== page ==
Monthly Archives: October 2014

13 Hardware devices with first-class support for JavaScript

You think JavaScript is just for the web? Get ready for a whirlwind of devices that will tickle your JavaScript fancy


Patrick Catanzariti of looks at 13 devices and microcontrollers that run JavaScript.

1. Ninja Sphere home automation device

2. Leap Motion’s in-air hand gesutres

3. Pebble Watch, the e-paper smart watch

4. Oculus Rift VR Headset

5. Cylon robotics framework for Leap Motion, Pebble Watch, Arduinos, Raspberry Pis and more

6. Arduino YUN (pictured), a microcontroller that runs Linux and Node.js

7. Spark OS and the Spark Core with their official JavaScript SDK

8. Tessel, a microcontroller that runs JavaScript itself and supports thousands of Node.js packages

9. Espruino, an event-based microcontroller that injects JavaScript commands in real time

10. Intel Galileo, Intel’s full-featured microcontroller board which supports full Linux and Node.js via SD-card

11. Google Cardboard, a low-budget VR experience using cardboard googles with an Android device

12. Myo Armband which detects hand gestures from electrical activity in your muscles

13. Nest’s high tech thermostat and smoke alarm allows you to program against their API using JavaScript

Read more from the source: SitePoint

Microsoft unveils the Windows 10 operating system, a marginal improvement on Windows 7

Windows 10: What should have been Windows 7.1


BBC News: Microsoft has disclosed the first details of Windows 10 – its next operating system (OS).

The name is a surprise, bearing in mind it represents a jump from the last version – Windows 8.

The software will run on a wide range of devices, from phones and tablets to PCs and Xbox games consoles, with applications sold from a single store.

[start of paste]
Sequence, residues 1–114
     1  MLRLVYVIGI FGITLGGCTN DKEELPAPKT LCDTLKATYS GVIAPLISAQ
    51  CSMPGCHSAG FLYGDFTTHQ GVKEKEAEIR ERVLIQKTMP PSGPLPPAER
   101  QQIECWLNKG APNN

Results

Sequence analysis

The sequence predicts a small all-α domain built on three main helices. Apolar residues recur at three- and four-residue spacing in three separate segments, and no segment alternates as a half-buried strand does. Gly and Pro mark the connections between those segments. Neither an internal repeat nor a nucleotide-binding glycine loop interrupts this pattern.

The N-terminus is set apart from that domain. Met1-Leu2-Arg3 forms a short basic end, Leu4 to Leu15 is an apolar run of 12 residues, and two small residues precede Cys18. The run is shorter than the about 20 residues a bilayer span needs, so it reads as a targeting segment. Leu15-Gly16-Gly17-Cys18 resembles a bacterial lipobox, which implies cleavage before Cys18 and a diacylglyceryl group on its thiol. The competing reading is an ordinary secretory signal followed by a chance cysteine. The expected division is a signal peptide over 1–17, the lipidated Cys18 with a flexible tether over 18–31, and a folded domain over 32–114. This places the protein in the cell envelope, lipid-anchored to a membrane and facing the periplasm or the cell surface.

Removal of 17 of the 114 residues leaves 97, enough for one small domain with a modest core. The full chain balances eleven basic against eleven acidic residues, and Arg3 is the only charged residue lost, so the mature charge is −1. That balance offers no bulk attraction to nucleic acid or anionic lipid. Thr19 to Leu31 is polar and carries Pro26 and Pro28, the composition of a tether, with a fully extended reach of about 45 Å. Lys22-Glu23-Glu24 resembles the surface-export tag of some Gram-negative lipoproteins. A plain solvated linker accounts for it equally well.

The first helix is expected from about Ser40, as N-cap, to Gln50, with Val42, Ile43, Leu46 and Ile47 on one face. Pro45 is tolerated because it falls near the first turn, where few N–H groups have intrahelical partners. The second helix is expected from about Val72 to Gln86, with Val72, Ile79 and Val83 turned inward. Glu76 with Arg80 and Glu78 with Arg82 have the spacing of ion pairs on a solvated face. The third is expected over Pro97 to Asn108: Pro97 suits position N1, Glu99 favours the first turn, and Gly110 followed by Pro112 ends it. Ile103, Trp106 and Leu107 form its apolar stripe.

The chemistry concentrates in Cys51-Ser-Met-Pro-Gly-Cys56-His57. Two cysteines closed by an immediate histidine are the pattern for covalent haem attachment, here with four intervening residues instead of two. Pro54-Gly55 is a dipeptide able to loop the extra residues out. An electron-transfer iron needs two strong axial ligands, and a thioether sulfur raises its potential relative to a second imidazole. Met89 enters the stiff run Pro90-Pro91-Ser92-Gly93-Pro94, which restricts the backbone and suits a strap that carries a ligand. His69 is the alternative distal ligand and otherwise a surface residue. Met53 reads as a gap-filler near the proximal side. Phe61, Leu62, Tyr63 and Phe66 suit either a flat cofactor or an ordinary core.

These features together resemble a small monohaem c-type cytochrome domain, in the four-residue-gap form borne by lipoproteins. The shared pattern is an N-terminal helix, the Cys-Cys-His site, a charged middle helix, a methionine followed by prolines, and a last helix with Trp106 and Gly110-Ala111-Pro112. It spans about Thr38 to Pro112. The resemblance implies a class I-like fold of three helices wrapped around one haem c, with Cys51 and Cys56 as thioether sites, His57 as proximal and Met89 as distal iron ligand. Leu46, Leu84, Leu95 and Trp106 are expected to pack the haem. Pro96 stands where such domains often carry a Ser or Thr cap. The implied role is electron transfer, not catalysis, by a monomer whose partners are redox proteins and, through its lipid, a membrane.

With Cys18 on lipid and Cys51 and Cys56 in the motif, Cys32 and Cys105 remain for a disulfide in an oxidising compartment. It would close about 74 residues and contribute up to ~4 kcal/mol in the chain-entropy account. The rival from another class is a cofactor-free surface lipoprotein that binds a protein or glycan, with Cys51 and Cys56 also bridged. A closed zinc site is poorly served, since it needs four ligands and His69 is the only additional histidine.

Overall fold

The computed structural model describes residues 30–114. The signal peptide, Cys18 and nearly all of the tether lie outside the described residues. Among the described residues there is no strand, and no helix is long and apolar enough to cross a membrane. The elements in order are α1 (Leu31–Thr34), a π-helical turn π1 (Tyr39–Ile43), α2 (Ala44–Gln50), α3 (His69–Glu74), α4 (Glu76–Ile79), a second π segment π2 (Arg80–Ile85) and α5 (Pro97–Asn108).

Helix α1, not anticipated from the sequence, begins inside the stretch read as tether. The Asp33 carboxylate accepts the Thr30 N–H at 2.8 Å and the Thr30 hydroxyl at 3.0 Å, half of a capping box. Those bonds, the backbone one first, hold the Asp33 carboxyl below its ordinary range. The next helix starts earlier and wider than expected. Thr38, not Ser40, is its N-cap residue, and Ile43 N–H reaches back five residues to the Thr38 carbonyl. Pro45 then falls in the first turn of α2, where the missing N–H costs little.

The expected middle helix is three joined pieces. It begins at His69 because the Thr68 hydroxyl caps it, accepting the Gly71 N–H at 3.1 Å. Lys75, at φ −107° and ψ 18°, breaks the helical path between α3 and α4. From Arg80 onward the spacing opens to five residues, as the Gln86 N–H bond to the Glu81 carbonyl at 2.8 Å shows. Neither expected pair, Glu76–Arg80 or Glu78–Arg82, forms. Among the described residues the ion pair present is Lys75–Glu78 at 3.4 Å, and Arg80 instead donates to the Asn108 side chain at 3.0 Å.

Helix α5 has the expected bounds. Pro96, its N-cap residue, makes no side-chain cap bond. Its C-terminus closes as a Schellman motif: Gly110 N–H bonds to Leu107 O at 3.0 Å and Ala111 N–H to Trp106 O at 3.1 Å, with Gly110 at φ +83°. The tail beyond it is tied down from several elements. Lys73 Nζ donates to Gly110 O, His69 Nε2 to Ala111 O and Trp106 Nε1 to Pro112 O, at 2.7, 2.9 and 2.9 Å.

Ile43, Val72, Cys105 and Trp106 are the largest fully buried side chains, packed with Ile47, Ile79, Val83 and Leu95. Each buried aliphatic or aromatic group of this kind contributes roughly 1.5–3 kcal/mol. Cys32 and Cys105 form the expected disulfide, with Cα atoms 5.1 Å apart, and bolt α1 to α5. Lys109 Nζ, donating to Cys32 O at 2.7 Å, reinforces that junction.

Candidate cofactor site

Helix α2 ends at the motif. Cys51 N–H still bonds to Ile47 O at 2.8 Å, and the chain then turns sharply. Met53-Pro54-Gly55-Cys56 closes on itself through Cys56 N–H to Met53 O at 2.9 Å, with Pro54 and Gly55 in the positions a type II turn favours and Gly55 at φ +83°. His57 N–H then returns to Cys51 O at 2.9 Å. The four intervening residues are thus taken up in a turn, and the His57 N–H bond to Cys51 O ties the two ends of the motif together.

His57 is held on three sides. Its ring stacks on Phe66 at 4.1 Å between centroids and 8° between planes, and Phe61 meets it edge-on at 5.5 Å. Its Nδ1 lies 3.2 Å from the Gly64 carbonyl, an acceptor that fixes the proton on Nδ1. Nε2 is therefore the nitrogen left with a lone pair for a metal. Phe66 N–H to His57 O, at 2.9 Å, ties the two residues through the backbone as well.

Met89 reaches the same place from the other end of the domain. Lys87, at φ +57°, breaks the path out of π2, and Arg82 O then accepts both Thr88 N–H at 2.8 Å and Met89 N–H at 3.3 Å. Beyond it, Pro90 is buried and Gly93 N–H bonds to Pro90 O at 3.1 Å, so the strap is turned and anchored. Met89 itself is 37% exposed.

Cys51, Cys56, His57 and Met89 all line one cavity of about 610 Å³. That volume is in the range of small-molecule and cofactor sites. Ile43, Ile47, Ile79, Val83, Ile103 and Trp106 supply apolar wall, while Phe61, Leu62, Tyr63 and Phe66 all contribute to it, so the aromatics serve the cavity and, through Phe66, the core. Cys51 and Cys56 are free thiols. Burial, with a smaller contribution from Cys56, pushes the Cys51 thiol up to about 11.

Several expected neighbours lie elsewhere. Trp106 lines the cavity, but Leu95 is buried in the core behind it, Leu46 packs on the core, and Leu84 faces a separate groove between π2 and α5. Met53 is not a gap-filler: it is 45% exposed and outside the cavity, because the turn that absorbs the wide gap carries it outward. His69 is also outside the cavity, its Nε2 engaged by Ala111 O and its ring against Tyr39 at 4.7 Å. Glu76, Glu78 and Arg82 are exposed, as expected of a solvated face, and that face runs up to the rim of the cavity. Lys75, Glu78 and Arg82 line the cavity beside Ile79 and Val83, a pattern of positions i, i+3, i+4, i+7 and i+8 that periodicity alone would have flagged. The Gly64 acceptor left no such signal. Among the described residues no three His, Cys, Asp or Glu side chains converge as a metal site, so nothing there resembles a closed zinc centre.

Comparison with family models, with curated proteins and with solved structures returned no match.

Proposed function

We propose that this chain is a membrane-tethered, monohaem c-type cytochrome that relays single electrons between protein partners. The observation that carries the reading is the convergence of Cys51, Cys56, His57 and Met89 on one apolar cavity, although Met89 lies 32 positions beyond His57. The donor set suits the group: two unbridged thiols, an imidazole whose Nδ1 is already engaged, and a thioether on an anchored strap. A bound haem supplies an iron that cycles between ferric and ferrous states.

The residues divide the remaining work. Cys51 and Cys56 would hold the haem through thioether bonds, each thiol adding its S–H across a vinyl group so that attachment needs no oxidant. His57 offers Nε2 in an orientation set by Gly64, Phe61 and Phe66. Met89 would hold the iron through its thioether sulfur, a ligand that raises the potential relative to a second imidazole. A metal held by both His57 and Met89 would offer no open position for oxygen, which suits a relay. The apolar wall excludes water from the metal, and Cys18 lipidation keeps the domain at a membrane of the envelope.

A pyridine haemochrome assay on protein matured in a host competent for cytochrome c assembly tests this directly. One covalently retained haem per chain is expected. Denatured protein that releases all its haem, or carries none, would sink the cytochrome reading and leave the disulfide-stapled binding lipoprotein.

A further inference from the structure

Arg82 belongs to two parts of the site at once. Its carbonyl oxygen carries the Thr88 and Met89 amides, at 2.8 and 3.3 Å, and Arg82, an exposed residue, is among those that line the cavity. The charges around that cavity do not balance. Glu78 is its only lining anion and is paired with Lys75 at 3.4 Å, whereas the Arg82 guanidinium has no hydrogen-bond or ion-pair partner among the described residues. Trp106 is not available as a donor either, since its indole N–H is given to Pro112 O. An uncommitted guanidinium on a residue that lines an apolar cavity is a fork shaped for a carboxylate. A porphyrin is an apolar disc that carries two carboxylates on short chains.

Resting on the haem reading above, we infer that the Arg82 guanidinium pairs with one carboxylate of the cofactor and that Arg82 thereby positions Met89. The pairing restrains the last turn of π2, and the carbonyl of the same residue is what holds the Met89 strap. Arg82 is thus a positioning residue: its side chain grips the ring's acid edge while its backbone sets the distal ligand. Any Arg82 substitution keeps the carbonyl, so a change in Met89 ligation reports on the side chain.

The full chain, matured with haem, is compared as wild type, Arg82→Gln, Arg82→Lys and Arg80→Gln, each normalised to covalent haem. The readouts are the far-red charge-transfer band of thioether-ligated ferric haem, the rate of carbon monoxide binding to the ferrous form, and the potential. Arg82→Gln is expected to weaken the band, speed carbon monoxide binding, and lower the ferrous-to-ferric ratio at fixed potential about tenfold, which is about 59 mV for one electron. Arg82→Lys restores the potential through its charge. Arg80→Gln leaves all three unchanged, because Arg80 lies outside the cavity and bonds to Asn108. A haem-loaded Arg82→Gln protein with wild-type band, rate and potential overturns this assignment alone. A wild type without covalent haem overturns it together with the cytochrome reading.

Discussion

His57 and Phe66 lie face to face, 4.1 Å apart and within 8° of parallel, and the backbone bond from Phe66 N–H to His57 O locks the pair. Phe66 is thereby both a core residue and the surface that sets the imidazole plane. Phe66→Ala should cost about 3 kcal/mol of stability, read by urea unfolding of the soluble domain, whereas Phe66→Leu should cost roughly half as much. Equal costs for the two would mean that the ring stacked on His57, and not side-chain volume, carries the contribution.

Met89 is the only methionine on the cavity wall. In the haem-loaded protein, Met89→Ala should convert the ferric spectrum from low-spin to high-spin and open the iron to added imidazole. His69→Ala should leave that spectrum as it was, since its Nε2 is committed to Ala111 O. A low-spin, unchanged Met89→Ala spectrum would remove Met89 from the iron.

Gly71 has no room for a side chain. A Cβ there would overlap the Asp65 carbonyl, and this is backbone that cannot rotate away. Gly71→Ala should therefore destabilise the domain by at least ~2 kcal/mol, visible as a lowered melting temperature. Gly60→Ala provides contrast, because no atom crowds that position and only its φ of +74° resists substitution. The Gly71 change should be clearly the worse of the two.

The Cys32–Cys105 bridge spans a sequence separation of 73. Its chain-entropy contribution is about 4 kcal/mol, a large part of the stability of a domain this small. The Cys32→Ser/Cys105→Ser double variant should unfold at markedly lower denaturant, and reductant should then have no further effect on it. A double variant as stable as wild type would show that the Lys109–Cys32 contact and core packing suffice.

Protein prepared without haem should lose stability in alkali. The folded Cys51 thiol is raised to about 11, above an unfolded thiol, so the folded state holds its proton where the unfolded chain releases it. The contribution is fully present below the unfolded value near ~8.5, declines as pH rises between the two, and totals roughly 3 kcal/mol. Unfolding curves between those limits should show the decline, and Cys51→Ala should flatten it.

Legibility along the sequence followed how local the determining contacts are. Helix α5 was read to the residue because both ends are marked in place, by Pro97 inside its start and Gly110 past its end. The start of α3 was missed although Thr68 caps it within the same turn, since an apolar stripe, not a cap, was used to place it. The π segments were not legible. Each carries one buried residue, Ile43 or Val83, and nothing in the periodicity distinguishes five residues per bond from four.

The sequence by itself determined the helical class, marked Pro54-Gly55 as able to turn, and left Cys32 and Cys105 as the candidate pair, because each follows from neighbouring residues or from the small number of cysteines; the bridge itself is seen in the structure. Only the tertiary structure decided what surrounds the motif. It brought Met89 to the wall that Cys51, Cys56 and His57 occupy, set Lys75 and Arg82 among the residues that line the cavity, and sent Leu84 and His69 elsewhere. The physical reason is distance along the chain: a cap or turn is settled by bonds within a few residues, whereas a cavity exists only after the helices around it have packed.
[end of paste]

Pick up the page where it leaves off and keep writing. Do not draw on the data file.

It also marks the return of the Start Menu, which had been removed from Windows 8.

Read more at BBC News

A walkthrough on building OS X Apps with JavaScript

With the Objective-C bridge, you can jump into OS X app development with JavaScript


Tyler Gaw is a Freelance Web Designer & Developer in Brooklyn, New York. He writes:

OS X Yosemite introduced JavaScript for Automation. This makes it possible to access native OS X frameworks with JavaScript. I’ve been digging in to this new world and putting together examples along the way. In this post I’ll explain the basics and step through building a small example app.

Read the article at

Step by step explanations of Promises including diagrams and a peek into implementing a polyfill

If you want a walkthrough on the JavaScript Promises API, look no further


ECMAScript 6 promises (2/2): the API

Dr. Axel Rauschmayer from ‚Ď°ality writes

This blog post is an introduction to asynchronous programming via promises in general and the ECMAScript 6 (ES6) promise API in particular. It is second in a series of two posts – part one explains foundations of asynchronous programming (which you may need to learn in order to fully understand this post).

The ECMAScript 6 promise API is easy to polyfill for ECMAScript 5.

Read the article at

Heartbleed, Shellshock and now Poodlebleed: are we safe on the web?

Use this online test to check your server then use Firefox and set security.tls.version.min to 1


Luke Rehmann explains:

Poodlebleed is a vulnerability in the design of SSL version 3.0. Poodle is actually an acronym for Padding Oracle On Downgraded Legacy Encryption. The vulnerability allows the decryption to plaintext of secure connections. The bug was discovered by Google Security Team researcher Bodo Möller in collaboration with Thai Duong and Krzysztof Kotowicz.